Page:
Nitpicking Movies: How the Grinch Stole Christmas!

My favorite Christmas movie, without question, is How the Grinch Stole Christmas! The creative team, which included the likes of Chuck Jones, Boris Karloff, and Thurl Ravenscroft, put together an adventure with a gleefully evil villain but still managed to make it one of the most touching Christmas films ever conceived. So, naturally, I’m going to spend some time here picking it apart.

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Why is the Hulk my Favorite Character?

The Incredible Hulk is far and away my favorite comic book character. In fact, I’ve posed the argument before that he is one of the greatest literary characters of all time. I could delve into the many reasons that he is compelling not only as a superhero but as a creature of horror and a modern allegory. But, no matter what sort of merits I think the character has, the fact is that I only discovered most of them after I became a fan. So what got me hooked on the Hulk in the first place?

Well, truth be told, it was mostly because he was in the right place at the right time.

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Gaming Stories: Ride of the SS Stupid

The beauty of role-playing games lies in the stupidity of the PCs. Sometimes they will act with tactical precision and annihilate their foes, but often they will come up with the most ridiculous harebrained schemes imaginable. Those moments of glorious foolishness are where RPGs shine the brightest. Such was the case when the players in my Pathfinder game created the SS Stupid and set it off on its maiden voyage.

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Robocop: A Great Use of the Ol’ Ultraviolence

Despite the fact that I enjoy action movies, I think many films these days have too much violence in them. I’m not against violence in cinema, but I think it often lacks a purpose. Seeing a particularly gory gunfight is like witnessing a jump scare in a horror film; it’s often a cheap audiovisual trick to cover up lazy storytelling.

Of course, there are exceptions to that. For example, Robocop.

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Paizo’s Controversy, Bad Behavior, and the Dilemma of Ethical Consumption

Folks who read this blog or who know me in person probably realize that I’m a pretty big shill for the Pathfinder RPG. While I love a lot of different role-playing games, Pathfinder has won my heart due to a combination of rules, art, and creative worldbuilding. On the other hand, while I have always appreciated the work Paizo Publishing has done in creating both Pathfinder and its sister game Starfinder, I’ve never particularly idolized the company. This week is a good example of why.

Paizo is currently embroiled in a major controversy of its own making, due largely to poor decisions by management and atrocious actions taken by some of its most influential members. The company has had some serious issues for a number of years, and many of those problems are now on display for the world to see. This has all raised questions in my mind about ethical consumption, especially when it comes to luxury products like RPGs. By continuing to buy Pathfinder products, am I condoning Paizo’s bad behavior?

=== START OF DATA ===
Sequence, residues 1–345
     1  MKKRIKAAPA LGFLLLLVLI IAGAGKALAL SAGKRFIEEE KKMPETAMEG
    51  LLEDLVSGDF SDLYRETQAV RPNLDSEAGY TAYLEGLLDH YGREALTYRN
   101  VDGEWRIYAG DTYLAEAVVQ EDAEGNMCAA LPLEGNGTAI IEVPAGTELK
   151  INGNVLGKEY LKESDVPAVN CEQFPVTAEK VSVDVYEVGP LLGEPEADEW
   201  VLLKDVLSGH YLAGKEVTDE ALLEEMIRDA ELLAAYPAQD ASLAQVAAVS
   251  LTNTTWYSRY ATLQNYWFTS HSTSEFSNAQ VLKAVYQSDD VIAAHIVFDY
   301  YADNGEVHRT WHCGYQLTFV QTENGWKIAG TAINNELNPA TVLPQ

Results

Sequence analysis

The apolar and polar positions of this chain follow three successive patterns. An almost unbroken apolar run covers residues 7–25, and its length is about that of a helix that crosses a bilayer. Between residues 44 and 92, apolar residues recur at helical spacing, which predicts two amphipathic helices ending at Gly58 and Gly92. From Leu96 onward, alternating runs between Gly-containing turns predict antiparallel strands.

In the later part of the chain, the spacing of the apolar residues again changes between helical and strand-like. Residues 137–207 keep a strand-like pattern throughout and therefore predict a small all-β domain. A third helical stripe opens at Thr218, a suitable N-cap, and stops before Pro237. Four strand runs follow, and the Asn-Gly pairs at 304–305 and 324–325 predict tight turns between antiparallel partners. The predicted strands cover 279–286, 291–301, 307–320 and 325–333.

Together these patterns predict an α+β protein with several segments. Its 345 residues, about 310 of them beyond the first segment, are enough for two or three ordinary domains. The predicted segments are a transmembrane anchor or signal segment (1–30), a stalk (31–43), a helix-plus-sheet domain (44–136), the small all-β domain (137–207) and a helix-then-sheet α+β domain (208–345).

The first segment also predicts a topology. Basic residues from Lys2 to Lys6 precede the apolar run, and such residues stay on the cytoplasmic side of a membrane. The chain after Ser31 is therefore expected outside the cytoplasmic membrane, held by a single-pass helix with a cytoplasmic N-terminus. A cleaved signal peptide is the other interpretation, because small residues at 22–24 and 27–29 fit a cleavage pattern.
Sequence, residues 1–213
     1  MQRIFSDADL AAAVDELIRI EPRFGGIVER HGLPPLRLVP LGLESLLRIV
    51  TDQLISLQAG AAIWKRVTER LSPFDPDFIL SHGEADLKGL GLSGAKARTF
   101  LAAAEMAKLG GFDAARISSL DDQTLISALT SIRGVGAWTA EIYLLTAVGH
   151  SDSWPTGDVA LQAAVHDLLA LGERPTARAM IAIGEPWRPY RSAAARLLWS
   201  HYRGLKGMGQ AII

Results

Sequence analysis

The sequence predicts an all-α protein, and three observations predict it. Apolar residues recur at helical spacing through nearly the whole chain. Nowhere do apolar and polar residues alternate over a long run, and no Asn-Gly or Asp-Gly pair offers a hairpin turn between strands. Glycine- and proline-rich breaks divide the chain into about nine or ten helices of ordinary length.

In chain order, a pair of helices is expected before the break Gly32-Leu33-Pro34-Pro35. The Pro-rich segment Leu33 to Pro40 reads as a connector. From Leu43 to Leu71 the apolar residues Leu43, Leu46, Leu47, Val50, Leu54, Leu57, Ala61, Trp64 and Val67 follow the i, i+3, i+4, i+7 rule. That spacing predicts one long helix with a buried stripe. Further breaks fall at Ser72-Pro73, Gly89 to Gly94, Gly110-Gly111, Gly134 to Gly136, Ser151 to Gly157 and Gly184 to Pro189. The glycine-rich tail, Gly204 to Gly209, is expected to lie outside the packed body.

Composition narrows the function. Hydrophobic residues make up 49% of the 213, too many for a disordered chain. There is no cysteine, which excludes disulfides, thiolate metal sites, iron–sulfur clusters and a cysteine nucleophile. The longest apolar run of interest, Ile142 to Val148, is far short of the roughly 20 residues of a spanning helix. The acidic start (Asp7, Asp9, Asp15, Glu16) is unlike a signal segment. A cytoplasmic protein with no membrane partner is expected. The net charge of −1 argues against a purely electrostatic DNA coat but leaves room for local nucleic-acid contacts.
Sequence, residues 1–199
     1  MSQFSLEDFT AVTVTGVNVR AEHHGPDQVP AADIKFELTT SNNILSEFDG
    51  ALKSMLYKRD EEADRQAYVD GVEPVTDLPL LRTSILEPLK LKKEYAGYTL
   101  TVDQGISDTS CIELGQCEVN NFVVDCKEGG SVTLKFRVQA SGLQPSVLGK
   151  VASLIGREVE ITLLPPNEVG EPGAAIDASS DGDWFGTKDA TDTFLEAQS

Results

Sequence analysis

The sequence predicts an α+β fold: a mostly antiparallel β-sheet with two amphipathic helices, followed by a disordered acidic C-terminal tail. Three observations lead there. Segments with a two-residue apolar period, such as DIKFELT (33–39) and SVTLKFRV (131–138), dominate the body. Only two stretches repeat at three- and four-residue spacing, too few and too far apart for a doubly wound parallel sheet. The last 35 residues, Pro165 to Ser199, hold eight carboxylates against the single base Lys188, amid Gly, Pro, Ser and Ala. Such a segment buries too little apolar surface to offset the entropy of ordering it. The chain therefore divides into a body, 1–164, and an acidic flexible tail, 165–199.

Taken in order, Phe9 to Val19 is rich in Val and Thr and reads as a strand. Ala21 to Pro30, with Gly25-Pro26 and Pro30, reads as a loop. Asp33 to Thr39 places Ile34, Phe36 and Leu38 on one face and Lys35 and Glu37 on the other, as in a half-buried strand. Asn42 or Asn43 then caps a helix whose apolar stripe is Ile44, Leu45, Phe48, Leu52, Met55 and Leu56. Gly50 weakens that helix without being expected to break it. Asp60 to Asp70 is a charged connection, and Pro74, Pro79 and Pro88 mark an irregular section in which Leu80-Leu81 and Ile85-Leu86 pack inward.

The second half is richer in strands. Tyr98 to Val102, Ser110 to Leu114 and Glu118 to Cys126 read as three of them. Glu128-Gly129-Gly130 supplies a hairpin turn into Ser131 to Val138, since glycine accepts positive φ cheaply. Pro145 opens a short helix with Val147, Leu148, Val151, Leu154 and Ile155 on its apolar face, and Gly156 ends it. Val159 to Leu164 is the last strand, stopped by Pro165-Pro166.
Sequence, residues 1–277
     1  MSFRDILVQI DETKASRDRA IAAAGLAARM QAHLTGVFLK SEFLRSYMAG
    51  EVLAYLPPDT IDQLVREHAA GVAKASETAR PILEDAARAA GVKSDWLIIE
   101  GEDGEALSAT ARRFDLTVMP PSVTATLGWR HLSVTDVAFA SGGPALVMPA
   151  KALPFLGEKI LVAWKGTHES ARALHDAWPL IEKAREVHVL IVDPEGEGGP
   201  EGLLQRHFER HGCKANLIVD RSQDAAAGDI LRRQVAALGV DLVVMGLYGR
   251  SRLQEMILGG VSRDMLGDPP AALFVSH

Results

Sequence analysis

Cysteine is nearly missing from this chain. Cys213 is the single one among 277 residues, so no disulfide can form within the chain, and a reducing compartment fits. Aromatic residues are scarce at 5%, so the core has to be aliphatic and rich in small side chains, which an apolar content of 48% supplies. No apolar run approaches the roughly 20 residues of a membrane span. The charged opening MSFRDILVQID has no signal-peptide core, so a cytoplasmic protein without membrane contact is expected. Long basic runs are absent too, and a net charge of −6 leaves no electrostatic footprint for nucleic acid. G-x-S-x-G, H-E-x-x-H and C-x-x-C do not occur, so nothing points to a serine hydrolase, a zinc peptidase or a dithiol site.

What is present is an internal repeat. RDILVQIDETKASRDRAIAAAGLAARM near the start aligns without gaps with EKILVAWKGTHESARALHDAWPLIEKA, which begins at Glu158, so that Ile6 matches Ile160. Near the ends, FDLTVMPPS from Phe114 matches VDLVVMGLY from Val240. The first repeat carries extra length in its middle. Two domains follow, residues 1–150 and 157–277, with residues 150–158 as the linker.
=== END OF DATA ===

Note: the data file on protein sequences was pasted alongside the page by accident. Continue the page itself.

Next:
The answer is…well, complicated.

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The Many Faces of Elminster

I’m a Forgotten Realms player from my 2nd edition AD&D days, which means I got exposed to the setting right around the time that Elminster the Sage was crammed down players’ throats everywhere. He showed up in a great deal of Realms fiction, bothered PCs during official adventure modules, and even pestered the protagonist in the Baldur’s Gate videogames.

In most of his appearances, Elminster either served as an annoyance or suggested with his mere presence that the PCs were wholly unnecessary. After all, if a 29th-level wizard with multiple deities as his allies has his eye on something, mere mortals, no matter how well-intentioned, become redundant.

D&D‘s 4th edition tried to reverse course by stripping Elminster down to become less powerful, but he returned to his mighty stature with the transition to 5th edition. Yet despite his might, Elminster doesn’t have to be a nuisance to the PCs; there are many ways to present a massively powerful wizard without having him overshadow everything else. Here are a few optional takes on Elminster that jive with his official stats in most versions of D&D while giving him a twist to make his presence in a game less domineering.

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Phantom Histories: The 1986 Musical

Andrew Lloyd Webber’s Broadway production of The Phantom of the Opera is either a lot of flash with little substance or one of the best musicals of all time, depending on your personal tastes. It undoubtedly has incredible sets and costumes paired with beautiful music. Whether that is enough to overcome the way it glosses over many of the meatier parts of Gaston Leroux’s novel is a matter of some debate. One thing is sure, however: it brings the love story from that novel back to scenter stage.

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A Kind of Magic: Highlander The Series, seasons five and six

One thing I forgot to mention last rant was that Adrian Paul took over as the director for a couple of episodes in season four (“Homeland” and “Methuselah’s Gift”), and he also got behind the camera for two episodes in the fifth season (“Revelation 6:8” and “The Modern Prometheus”). Probably not coincidentally, three of the four episodes he directed are among the best in the series. Again, Adrian Paul’s contributions made Highlander: The Series the success it was. Unfortunately, as he lost interest in the series, the show also went downhill.

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